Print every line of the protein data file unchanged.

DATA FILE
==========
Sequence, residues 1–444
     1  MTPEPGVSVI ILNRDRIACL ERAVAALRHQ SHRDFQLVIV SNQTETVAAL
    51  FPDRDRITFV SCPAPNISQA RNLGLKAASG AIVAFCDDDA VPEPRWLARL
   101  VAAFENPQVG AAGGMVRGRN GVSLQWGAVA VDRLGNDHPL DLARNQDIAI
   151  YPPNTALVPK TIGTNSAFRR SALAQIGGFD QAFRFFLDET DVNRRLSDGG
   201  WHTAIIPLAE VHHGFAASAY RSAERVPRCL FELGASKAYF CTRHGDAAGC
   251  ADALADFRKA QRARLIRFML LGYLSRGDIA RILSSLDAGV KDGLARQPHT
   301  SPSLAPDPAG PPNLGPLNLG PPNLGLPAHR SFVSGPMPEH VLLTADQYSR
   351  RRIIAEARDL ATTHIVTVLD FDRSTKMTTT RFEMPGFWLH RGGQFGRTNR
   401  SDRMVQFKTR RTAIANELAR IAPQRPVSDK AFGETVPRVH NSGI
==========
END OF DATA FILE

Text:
Sequence, residues 1–444
     1  MTPEPGVSVI ILNRDRIACL ERAVAALRHQ SHRDFQLVIV SNQTETVAAL
    51  FPDRDRITFV SCPAPNISQA RNLGLKAASG AIVAFCDDDA VPEPRWLARL
   101  VAAFENPQVG AAGGMVRGRN GVSLQWGAVA VDRLGNDHPL DLARNQDIAI
   151  YPPNTALVPK TIGTNSAFRR SALAQIGGFD QAFRFFLDET DVNRRLSDGG
   201  WHTAIIPLAE VHHGFAASAY RSAERVPRCL FELGASKAYF CTRHGDAAGC
   251  ADALADFRKA QRARLIRFML LGYLSRGDIA RILSSLDAGV KDGLARQPHT
   301  SPSLAPDPAG PPNLGPLNLG PPNLGLPAHR SFVSGPMPEH VLLTADQYSR
   351  RRIIAEARDL ATTHIVTVLD FDRSTKMTTT RFEMPGFWLH RGGQFGRTNR
   401  SDRMVQFKTR RTAIANELAR IAPQRPVSDK AFGETVPRVH NSGI